SAN FRANCISCO -- Whether Giants left fielder Nori Aoki will play impressively is not an issue. It's a matter of what he'll do, and when.
Maybe Aoki will slap a leadoff base hit to generate a rally. Or he'll run himself into scoring position by stealing a base. Aoki also has proven more than capable of diving or sliding to make a breathtaking catch that robs the opponent of a hit.
Or Aoki might do nothing at all. Just don't judge him solely on one unproductive game. Aoki entered Sunday in a 3-for-24 skid, which he ended with a 2-for-4 afternoon against Miami. That figure excluded a bases-loaded ninth-inning walk that not only forced in the tying run, but also gave on-deck batter Matt Duffy a tutorial on the tendencies of Steve Cishek, because Aoki coaxed six pitches from the Marlins reliever. Given this visual aid, Duffy proceeded to stroke a game-winning single.
"He's a guy you have to see on a daily basis to appreciate all the things he does for a club," manager Bruce Bochy said.
As the Giants spent Monday's scheduled off-day traveling to begin a two-city, six-game trip Tuesday in Houston, Aoki was batting .282, essentially matching the .287 average he compiled in three previous big league seasons with Milwaukee (2012-13) and Kansas City (2014). He owned a .361 on-base percentage, which will establish a personal Major League best if he can sustain it, and he had nine stolen bases, which put him on pace to total 46. No Giant has amassed that many thefts since Darren Lewis finished with 46 in 1993.
But Aoki's value transcends statistics. The stability he has provided at the leadoff spot has enabled Angel Pagan, San Francisco's erstwhile No. 1 hitter, to maintain productivity in the batting order's No. 3 spot. That has been essential while middle-of-the-order presence Hunter Pence recovers from his fractured left forearm.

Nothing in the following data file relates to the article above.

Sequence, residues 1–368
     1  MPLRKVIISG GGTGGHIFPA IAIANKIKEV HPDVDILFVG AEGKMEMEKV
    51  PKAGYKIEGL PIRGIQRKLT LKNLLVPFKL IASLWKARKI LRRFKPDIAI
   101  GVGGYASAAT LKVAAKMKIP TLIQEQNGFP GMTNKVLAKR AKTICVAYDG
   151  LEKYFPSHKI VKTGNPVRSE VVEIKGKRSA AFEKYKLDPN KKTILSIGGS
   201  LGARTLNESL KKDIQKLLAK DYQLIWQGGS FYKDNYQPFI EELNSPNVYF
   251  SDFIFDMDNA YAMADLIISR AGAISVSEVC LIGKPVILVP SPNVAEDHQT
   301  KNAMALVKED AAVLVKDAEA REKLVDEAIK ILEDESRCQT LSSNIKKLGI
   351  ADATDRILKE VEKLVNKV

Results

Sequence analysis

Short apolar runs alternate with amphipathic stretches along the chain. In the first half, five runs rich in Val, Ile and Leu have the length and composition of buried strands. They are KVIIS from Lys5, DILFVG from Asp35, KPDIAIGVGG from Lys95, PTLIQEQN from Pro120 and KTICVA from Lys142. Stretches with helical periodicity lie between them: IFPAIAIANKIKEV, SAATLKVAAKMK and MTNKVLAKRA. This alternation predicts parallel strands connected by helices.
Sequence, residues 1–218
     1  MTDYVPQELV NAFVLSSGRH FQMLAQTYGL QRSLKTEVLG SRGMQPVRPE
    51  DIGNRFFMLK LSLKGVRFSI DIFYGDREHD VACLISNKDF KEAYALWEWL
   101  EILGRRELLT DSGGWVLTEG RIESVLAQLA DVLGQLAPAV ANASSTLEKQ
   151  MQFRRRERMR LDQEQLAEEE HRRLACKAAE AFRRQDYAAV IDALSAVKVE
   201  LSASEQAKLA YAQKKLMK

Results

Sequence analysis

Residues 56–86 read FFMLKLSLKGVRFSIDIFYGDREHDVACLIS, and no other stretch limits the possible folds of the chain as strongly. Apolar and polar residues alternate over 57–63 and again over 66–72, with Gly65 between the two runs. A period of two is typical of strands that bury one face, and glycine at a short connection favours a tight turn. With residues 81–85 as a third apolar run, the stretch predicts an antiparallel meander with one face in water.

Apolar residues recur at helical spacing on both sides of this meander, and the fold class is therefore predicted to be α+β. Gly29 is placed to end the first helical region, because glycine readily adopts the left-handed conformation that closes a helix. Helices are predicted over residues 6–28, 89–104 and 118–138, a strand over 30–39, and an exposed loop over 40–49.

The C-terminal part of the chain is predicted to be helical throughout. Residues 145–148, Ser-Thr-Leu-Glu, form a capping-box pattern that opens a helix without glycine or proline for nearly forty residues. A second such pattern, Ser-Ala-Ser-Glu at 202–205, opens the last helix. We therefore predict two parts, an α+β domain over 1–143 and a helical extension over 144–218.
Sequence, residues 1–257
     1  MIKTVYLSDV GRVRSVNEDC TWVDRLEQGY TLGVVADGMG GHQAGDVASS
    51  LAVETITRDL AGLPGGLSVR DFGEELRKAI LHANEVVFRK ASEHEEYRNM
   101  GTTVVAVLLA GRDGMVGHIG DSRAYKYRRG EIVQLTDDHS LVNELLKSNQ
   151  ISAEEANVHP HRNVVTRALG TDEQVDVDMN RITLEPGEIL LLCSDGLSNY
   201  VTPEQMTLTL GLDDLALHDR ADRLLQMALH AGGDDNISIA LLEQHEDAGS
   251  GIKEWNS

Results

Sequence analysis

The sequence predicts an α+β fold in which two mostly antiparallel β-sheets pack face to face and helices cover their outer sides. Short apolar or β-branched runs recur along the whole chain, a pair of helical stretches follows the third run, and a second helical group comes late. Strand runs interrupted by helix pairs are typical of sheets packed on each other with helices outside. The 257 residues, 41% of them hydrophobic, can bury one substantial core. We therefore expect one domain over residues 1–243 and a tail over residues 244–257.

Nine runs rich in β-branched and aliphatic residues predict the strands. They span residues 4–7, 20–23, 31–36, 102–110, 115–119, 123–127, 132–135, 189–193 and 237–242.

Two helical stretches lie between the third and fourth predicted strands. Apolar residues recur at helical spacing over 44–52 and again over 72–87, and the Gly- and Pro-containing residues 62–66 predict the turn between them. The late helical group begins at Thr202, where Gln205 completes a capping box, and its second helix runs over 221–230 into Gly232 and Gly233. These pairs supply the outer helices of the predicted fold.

At this rate, picking up Aoki's $5.5 million club option for next year will be a mere formality for the Giants, with whom he already has established a comfort zone since signing with the team as a free agent in January.
"It's everyone who creates the comfortable environment for me -- the players, the manager, the coaching staff," Aoki said recently through his interpreter, Kosuke Inaji.
Meanwhile, Aoki's taking nothing for granted, virtually guaranteeing that he'll continue to thrive due to his attention to detail.
Aoki, 33, has proven that he possesses four of baseball's five time-honored tools. He can run, field, throw and hit for average. As Aoki's 20 home runs in 470 big league games reflect, power is the lone tool he lacks.
"I feel they're all difficult," Aoki said of baseball's basic skills. "Nothing's really easy. I always want to try to improve as much as I can."
That diligence helped Aoki earn seven All-Star team selections in eight years (2004-11) with the Yakult Swallows of the Japanese Central League.
San Francisco hitting coach Hensley Meulens observed that Aoki's offensive proficiency also stems from technique.
"He's fundamentally sound," Meulens said. "He has a flat swing, which you want everybody to have, and his [bat] barrel stays in the zone for a long time, which you want everybody to have."
Aoki cuts an assured figure while gripping a bat or wearing a glove. Succeeding in two countries will do that to a person. Yet when asked to identify the source of his sustained confidence, Aoki did something that he avoids doing on the field: He hesitated.
"That's a deep question," he said.
Aoki's ultimate response was all ballplayer, echoing the sport's one-game-at-a-time mantra.
"One thing I try to always do is try to turn the page," Aoki said. "Next day's a new day, and I try to approach it like that."
Chris Haft is a reporter for MLB.com. Read his blog, Haft-Baked Ideas, and follow him on Twitter at @sfgiantsbeat. This story was not subject to the approval of Major League Baseball or its clubs.